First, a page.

Tips For Driving Your RV and Avoiding Accidents

First-time RVers are more common on the road today than they have been in recent years. With the rising cost of living, especially in real estate, many homeowners and renters have made the big transition into full-time RV life.

To prevent accidents in your RV, follow these driving tips:

Load Capacity/Payload

It is important in such a large vehicle to ensure that you are not going over the manufacture’s recommended weight capacity and your vehicle’s payload capacity. Overloaded RV set-ups are more prone to accidents or system failures. 

Install a Camera

Driving an RV, whether it is a motorhome or towable, is no easy feat and requires more concentration than when driving a car. Back-up cameras can help make maneuvering your RV easier and avoid common accidents. 

Wide Turns

Ever see a semi turn right from the left lane? That’s because it is long and wide, so it’s turns need to be long and wide as well. Your RV may not be as big as a semi, but the same concept is present. Whether you are making a left turn or a right, remember to turn wide to avoid clipping the curb, another car, or an object located on the corner (like a hydrant). 

Driving Distance

Like in the example above, an RV greatly differs from driving a car. Aside from turns, your driving distance (the space between you and the vehicle in front of you) should be double the state’s legal recommendation. In Florida, it’s the “Three Second Rule”; you should be at least three seconds (although 4-6 is better) behind the car in front of you. Meaning it should take three seconds to pass an object after the car ahead of you has passed it. So, in an RV you should keep at a minimum five seconds behind, although 6-10 seconds is best.


When you leave ample space between you and the car in front of you, you allow adequate time to bring your RV to a complete stop, safely. RVs are large, long, heavy vehicles and require a larger distance to slow down or stop. Sudden stops or slamming your brakes should be avoided at all costs as it can cause you to lose control of the RV. If in the budget, invest in trailer breaks to help improve your braking.

Lane Position

Again, the RV is much wider than a vehicle, so it has less “wiggle” room within a lane. Check your mirrors frequently to ensure you haven’t drifted over the line or onto the shoulder. Until you get comfortable driving the RV, it is best to stay in the far-right lane. Not only is this the lane designated for slower drivers, but it keeps cars and other vehicles to one side, making it easier to keep track of them on the road.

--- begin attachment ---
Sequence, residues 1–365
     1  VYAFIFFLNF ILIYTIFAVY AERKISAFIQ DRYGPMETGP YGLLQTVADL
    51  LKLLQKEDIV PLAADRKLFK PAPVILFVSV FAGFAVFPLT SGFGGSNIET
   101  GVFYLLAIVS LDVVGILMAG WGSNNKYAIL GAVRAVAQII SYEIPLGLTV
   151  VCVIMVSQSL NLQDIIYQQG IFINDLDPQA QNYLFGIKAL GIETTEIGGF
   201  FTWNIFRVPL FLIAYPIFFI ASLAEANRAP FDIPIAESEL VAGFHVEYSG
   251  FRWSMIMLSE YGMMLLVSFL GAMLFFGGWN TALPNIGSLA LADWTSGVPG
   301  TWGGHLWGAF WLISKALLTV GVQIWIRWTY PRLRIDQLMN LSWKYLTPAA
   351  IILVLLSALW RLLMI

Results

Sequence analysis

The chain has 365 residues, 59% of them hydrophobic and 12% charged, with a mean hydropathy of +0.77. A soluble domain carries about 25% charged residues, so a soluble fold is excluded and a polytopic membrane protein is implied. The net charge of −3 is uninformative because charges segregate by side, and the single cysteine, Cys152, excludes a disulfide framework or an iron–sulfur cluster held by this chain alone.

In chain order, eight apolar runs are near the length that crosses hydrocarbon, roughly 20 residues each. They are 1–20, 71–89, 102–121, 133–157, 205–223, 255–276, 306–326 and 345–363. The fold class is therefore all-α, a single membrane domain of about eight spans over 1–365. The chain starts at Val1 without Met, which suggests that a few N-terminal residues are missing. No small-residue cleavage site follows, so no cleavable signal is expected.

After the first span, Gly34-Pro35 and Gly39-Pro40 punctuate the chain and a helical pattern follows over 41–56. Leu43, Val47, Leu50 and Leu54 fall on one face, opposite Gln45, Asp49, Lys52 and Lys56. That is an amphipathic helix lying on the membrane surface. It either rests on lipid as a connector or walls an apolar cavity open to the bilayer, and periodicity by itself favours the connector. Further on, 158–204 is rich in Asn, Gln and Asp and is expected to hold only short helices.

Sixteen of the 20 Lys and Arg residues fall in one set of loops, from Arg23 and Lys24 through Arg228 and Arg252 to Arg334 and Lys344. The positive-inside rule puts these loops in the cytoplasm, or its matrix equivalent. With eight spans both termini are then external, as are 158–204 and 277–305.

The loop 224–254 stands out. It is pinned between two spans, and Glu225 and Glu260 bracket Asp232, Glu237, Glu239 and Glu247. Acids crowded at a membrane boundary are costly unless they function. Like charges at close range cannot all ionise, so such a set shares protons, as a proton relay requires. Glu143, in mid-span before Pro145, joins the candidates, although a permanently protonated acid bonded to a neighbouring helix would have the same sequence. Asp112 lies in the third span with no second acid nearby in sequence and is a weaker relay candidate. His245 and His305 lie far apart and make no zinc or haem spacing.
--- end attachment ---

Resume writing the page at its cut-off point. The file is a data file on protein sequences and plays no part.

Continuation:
It can be difficult to see the lines marking a parking space from inside of an RV. When needed, have a passenger act as a spotter or park towards the back of the lot where there are fewer cars, and you can easily pull through and take up multiple spots. When you reach your destination, a spotter (or back-up cameras) can also help you back into your designated spot. If you are nervous about backing in, you can always upgrade to a pull-through spot, if they are available to make entering and leaving the park easier.


This is more about going under them than over them. Be very aware of the height of your RV and which bridge clearance levels you can make. Invest in an RV-specific GPS app or device. They are specially programmed to take note of low bridges and provide routes that avoid them. 

Mountains/High-Grade Roads

Whether going up or down hilly or mountainous roads, take it slow and, if driving a stick, keep the RV in a lower gear. It is easier to lose control or brake improperly when on roads like these, leading to avoidable accidents. Also, keep to the right! This allows more impatient drivers to pass and keep from distracting you and allows you a shoulder to pull off on in an emergency. Always be sure to double check the routes you plan to take (using satellite views, RV driving apps, or advice from other RVers), as not all high-grade roads are safe for RVs.

Gas Stations

Mind your size! Avoid trying to stop at small or regular sized gas stations and look for designated truck stops. These gas stations are built around larger model vehicles, compensating pump placement and lanes to accommodate the wider turns and size of the vehicles that visit truck stops. 

Brandon's Independent Insurance Agents for Florida RV Insurance

Take your time while driving your RV, motorhome, or towing your travel trailer. Keep these driving tips in mind and be sure you have adequate coverage for your RV. Contact an independent insurance agent at Magruder Agency to discuss the all the possible coverage options available and what insurance is required while you travel with (or in) your RV in and out of Florida.  

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